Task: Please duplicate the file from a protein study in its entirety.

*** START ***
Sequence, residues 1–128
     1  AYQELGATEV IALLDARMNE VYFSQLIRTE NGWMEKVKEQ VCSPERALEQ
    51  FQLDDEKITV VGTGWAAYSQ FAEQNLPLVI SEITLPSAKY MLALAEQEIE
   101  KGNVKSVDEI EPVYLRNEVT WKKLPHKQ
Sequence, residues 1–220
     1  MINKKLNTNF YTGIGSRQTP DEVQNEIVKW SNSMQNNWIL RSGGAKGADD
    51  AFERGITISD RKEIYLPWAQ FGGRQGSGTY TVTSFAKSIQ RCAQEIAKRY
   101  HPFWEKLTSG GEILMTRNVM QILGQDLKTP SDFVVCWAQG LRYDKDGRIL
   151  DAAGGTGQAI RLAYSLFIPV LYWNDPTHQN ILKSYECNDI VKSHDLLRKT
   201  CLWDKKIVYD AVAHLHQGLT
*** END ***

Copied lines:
Sequence, residues 1–128
     1  AYQELGATEV IALLDARMNE VYFSQLIRTE NGWMEKVKEQ VCSPERALEQ
    51  FQLDDEKITV VGTGWAAYSQ FAEQNLPLVI SEITLPSAKY MLALAEQEIE
   101  KGNVKSVDEI EPVYLRNEVT WKKLPHKQ
Sequence, residues 1–220
     1  MINKKLNTNF YTGIGSRQTP DEVQNEIVKW SNSMQNNWIL RSGGAKGADD
    51  AFERGITISD RKEIYLPWAQ FGGRQGSGTY TVTSFAKSIQ RCAQEIAKRY
   101  HPFWEKLTSG GEILMTRNVM QILGQDLKTP SDFVVCWAQG LRYDKDGRIL
   151  DAAGGTGQAI RLAYSLFIPV LYWNDPTHQN ILKSYECNDI VKSHDLLRKT
   201  CLWDKKIVYD AVAHLHQGLT